Some people really like Facebook's new Groups feature. Influential tech blogger Robert Scoble could hardly praise the feature enough. He used the phrase "massively cool" more than once in his description. He's not alone. Many are welcoming the opportunity to separate their friends into different groups and communicate in different ways with them (like chat, email lists, and integration with third-party apps).
Some are less than thrilled with the new feature, however.The feature was announced during an event based around the concept of giving users more control, but it appears that more control doesn't necessarily mean complete control. Jason Calacanis, for example, found out the hard way that anyone can be added to a group, regardless of whether or not they actually opted in (hat tip to Matthew Ingram). The group creator has the ability to make the group open, closed, or secret.
Calacanis found out he was added to a Facebook group for NAMBLA (the North American Man-Boy Love Association), along with TechCrunch founder Michael Arrington. At Calacanis.com, Jason posted an email he sent to Facebook informing them of what happened. He closed with, "If you guys want to run these new features by me before you launch them, I can probably save you from a couple of privacy law suits each year."
This is really the kind of thing you would think Facebook would want to avoid after all of the privacy brouhaha earlier this year. Of course not everyone is going to have people adding them to questionable groups, but if it can be done, some people just aren't going to be comfortable with it.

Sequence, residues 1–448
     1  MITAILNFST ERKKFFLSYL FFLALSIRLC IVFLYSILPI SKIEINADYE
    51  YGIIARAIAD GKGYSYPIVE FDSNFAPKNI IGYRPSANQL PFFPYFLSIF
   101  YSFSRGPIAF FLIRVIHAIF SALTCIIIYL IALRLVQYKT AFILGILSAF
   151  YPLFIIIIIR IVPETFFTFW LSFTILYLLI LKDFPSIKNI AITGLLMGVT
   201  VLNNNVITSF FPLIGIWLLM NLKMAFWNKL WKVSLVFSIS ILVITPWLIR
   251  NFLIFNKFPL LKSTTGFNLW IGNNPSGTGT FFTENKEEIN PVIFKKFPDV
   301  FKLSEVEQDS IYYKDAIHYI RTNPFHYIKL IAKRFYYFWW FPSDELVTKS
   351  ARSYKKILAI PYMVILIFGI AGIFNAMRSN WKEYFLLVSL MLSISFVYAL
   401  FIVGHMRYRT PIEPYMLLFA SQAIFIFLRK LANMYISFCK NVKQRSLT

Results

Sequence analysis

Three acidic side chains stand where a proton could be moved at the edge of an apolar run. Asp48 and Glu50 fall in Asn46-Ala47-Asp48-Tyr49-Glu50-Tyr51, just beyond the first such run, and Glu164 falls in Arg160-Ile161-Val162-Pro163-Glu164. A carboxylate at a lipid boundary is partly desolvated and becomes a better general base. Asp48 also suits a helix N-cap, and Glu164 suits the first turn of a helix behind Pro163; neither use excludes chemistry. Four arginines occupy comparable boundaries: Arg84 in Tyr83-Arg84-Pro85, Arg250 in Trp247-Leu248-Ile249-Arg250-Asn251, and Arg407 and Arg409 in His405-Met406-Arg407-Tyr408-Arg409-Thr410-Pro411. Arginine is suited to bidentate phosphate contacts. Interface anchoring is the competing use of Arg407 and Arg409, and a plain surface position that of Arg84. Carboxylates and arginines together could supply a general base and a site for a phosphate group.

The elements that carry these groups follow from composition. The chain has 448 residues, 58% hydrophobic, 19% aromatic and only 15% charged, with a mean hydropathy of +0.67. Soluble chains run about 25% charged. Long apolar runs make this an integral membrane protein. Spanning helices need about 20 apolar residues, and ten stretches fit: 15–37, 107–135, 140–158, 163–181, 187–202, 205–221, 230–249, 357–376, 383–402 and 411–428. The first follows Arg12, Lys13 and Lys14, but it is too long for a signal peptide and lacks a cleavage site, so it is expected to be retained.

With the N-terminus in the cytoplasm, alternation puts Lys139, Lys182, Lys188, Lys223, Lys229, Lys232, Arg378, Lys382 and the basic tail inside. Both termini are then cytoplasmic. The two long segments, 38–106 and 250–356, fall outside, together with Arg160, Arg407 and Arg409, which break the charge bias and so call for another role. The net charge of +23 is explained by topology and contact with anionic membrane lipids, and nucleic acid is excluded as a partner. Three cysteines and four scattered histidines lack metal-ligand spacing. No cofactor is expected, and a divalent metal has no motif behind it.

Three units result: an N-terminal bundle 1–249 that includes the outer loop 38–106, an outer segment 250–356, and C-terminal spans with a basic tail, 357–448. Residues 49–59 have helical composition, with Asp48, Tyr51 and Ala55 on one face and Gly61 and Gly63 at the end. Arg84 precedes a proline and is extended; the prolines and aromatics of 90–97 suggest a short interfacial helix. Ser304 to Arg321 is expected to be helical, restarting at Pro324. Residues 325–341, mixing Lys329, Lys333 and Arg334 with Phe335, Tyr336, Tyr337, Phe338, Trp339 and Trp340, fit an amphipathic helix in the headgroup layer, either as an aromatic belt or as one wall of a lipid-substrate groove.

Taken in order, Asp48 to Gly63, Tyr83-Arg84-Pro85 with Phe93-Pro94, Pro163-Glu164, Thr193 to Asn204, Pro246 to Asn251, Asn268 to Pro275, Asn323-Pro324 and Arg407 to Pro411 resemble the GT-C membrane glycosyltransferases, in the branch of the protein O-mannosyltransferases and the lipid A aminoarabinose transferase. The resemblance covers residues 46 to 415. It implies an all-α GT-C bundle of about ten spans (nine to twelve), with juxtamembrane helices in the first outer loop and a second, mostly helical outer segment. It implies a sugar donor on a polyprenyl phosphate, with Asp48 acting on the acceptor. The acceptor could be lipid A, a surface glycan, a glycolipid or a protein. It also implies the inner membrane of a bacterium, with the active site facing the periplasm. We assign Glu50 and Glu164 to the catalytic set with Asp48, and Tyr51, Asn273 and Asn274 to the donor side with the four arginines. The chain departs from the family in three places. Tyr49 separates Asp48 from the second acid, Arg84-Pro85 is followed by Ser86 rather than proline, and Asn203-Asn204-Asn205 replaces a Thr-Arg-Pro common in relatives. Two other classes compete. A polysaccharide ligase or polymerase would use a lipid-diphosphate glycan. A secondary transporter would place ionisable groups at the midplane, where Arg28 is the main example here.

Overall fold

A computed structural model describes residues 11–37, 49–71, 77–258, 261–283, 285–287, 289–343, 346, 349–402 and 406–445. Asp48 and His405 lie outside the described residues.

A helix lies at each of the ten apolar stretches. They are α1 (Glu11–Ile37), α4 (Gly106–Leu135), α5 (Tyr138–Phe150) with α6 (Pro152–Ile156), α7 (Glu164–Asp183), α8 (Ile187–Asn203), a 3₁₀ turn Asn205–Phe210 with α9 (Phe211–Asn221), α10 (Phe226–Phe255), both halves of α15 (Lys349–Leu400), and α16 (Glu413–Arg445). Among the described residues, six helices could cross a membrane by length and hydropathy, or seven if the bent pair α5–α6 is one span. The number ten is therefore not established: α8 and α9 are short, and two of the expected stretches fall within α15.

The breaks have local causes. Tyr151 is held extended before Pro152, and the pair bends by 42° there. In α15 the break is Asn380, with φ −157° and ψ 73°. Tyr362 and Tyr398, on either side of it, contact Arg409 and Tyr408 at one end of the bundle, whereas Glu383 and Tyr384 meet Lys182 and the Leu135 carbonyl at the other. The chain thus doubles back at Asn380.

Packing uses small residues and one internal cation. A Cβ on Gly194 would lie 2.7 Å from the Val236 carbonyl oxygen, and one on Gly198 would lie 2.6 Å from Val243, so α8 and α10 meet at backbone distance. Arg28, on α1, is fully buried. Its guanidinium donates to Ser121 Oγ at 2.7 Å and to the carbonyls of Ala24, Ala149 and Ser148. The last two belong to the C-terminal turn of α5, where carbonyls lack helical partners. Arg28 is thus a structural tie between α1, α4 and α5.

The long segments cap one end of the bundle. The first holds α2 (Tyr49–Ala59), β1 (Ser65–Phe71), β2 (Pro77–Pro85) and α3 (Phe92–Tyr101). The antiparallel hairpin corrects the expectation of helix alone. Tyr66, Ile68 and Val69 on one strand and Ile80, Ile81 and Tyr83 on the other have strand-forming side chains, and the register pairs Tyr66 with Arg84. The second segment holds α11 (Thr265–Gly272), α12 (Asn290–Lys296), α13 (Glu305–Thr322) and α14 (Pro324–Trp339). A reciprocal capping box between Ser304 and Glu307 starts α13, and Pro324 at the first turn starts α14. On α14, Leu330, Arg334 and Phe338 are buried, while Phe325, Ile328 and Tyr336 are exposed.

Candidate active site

It's not much different from tagging in Facebook Photos, a feature that I've frankly had issues with myself. It's nice that anyone can tag you in a photo and have that show up first thing in the photos on your profile isn't it? Groups adds that extra layer of association though, which some my find even more objectionable, as with Calacanis' case. With this kind of functionality, people could be made to look like they're Nazis, KKK members, pedophiles, Justin Bieber fans, or anything else. Granted, users can report groups to Facebok:
I can definitely see the feature being abused for politics. It's probably already happening.
The feature does appear to only let you add people who you are friends with to Groups, so you may want to choose your friends carefully. It may not be a good idea to be friends with just anybody, and if you are, at least keep up with your notifications. You will be notified when you've been added to a group.
The email feature has received some criticism as well. If you are added to a group and you don't keep up with your notifications, you may find your inbox getting filled up by people in that group posting things. You can put an end to this by opting out, but some feel you should have to opt in to this feature to begin with.
What do you think of the new Facebook Groups? Let us know.